Coconut oil is still controversial in the medical community and after seeing some of the bogus claims on the internet, I can understand why. No, it's not a miracle weight loss supplement nor will it cure cancer. However I am confident that research is going to continue to show health benefits from coconut fats. Why the confidence? Coconut products like coconut milk, extra-virgin coconut oil and coconut butter are minimally processed plant foods, and just like every other plant, it is full of many other health promoting compounds. If the history of bad diet advice has taught us anything, we know the health of a food isn't determined by a single nutrient.

To settle the debate, let's look at the big picture. Most recipes that call for coconut products use it to replace butter, cream and other dairy fats, which we know for certain do not promote heart health.  When examining it's healthfulness, consider coconut's ability to replace animal fats. For example, in this recipe coconut milk is used instead of ice cream. And guess what? It's equally delicious!


Have you ever noticed that strawberries look like little hearts? Well, that's just God's way of reminding you they are good for your heart!  Super cheesy, but I like it! And it's true - one study found strawberries reduced makers of cardiovascular disease, including cholesterol and clotting proteins in people with metabolic syndrome.

Berries are the most nutrient-dense type of fruit and compared to all other berries, strawberries are the fourth highest in antioxidant capacity. Basically, they're the nutrition version of being top 10% of your class at Harvard. Strawberries are an excellent source of vitamin C, a nutrient associated with a lower risk of heart disease and improved immune function. One cup of strawberries contains 150% your daily needs of vitamin C, which is more than an orange, the food we usually associate with vitamin C.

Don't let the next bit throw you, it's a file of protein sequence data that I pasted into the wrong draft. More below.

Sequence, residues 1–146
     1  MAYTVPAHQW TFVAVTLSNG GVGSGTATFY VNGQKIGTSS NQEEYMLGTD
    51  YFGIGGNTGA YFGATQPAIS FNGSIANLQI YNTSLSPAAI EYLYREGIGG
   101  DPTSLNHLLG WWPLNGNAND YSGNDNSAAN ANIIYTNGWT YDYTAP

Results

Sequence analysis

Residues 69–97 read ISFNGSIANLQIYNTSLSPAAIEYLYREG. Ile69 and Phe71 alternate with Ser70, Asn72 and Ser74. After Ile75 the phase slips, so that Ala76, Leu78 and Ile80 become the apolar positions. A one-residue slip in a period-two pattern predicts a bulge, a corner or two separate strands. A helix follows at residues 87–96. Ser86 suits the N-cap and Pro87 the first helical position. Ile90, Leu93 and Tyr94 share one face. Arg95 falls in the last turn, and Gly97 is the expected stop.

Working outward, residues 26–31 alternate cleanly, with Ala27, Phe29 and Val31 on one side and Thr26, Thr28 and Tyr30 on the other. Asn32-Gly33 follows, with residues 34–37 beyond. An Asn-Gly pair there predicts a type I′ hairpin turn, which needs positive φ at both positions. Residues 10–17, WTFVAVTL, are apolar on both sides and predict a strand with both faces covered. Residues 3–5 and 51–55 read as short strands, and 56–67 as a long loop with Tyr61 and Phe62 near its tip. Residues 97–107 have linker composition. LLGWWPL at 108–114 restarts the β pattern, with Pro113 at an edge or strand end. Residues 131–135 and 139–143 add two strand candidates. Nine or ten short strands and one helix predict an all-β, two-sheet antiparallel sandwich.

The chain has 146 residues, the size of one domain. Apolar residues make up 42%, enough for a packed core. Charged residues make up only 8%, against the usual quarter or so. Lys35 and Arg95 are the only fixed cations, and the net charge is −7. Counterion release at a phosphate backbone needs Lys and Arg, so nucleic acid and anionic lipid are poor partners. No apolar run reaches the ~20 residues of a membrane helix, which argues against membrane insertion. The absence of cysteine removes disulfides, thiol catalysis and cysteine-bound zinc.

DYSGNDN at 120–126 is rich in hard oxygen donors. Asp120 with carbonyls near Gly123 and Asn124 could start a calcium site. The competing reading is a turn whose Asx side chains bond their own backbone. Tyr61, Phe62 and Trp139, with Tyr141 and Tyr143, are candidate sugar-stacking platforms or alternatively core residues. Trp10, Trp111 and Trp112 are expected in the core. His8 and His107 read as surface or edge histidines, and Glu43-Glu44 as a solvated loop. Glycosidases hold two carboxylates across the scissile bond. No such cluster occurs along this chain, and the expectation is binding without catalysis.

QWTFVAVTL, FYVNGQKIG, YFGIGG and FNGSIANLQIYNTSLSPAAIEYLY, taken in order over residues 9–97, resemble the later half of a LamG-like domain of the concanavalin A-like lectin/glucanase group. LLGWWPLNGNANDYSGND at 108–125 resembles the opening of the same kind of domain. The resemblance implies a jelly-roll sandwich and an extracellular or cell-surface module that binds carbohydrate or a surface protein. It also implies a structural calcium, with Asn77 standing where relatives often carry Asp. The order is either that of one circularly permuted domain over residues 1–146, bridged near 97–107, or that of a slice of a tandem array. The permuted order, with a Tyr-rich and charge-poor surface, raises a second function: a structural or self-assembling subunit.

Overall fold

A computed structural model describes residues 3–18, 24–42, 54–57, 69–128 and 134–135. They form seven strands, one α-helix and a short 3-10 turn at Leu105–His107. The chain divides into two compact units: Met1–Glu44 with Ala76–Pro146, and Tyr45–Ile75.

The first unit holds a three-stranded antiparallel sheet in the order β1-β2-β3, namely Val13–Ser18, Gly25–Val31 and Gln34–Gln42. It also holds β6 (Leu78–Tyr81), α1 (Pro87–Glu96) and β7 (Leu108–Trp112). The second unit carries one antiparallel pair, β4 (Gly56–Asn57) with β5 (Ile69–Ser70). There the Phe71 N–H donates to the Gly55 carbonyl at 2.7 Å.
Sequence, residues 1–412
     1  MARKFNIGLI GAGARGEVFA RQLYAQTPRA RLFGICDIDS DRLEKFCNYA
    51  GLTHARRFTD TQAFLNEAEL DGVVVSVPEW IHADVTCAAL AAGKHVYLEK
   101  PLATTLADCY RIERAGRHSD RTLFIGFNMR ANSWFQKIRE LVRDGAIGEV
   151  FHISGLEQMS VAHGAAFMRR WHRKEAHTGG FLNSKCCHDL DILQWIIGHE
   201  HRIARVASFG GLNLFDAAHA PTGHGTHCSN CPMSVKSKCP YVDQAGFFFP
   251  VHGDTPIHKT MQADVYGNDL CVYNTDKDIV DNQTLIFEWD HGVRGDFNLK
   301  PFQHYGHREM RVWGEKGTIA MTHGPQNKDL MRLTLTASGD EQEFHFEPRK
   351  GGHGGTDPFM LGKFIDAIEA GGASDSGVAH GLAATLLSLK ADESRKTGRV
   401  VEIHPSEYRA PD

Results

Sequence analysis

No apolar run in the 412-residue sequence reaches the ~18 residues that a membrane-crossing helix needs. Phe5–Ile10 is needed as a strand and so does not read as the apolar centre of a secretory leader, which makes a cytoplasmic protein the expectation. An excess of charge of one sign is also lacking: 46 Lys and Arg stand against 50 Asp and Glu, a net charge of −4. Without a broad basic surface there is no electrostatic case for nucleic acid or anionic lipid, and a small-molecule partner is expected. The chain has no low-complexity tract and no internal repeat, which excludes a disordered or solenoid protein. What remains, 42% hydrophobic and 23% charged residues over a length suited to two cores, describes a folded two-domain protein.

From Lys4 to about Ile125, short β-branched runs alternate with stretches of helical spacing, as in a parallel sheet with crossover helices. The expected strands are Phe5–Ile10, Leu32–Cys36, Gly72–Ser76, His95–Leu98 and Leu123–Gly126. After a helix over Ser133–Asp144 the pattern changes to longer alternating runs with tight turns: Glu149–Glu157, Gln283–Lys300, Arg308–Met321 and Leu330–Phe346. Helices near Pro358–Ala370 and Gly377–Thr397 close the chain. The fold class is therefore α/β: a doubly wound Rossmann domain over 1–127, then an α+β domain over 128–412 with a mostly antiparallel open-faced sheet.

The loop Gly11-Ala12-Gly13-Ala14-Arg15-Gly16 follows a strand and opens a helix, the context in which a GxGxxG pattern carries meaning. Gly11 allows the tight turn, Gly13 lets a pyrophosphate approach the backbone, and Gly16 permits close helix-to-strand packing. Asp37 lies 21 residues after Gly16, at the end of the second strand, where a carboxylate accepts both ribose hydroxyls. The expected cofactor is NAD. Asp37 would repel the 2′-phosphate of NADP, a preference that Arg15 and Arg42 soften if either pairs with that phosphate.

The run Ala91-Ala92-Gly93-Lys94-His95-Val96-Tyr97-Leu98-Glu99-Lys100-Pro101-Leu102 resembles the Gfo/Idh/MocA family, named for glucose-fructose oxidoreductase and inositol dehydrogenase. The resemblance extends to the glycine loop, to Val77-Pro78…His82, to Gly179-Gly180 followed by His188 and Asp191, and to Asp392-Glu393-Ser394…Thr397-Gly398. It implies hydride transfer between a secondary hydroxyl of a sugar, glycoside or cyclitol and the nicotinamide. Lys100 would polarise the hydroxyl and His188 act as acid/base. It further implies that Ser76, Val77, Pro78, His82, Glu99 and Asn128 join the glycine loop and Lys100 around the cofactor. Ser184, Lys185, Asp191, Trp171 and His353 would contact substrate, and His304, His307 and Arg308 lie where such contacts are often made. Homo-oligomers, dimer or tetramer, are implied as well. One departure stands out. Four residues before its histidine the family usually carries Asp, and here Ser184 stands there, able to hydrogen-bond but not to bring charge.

Roasted Strawberry and Coconut Popsicles
Author: Rachael Hartley, RD, LD, CDE
Serves: depends on popsicle mold size, but about 10
Adapted from Joy the Baker
  • 1/3 cup unsweetened shredded coconut
  • 1 lb fresh strawberries, hulled
  • 1 teaspoon coconut oil, melted
  • 2 tablespoons chia seeds
  • 2 tablespoons honey
  • Juice of 1 lime, divided
  • 1 15-ounce can full fat coconut milk
  • 1 teaspoon vanilla extract
  1. Place a rack in the upper 1/3rd of the oven and preheat it to 350 degrees. Spread the coconut evenly on a baking sheet and toast for about 3-5 minutes until golden. You may want to give it a good stir halfway so it doesn’t burn on one side.
  2. Place the strawberries on a baking sheet and toss with the coconut oil. Roast until soft and juicy looking, about 18-20 minutes. Remove from the oven and transfer to a food processor. Add chia seeds, 1 tablespoon of honey and juice of half the lime. Blend until pureed.
  3. In a small bowl, stir together the coconut milk, lime juice, 1 tablespoon honey and vanilla extract. Stir the toasted coconut into the milk.
  4. Divide the strawberry into the popsicle molds, filling halfway. Freeze for one hour until firm. Remove from freezer and top with coconut milk mixture and add popsicle stick. Place back in the freezer and chill overnight or 6 hours.
  5. Before eating, run briefly under hot water to loosen the mold. Make 60 more to last you till fall.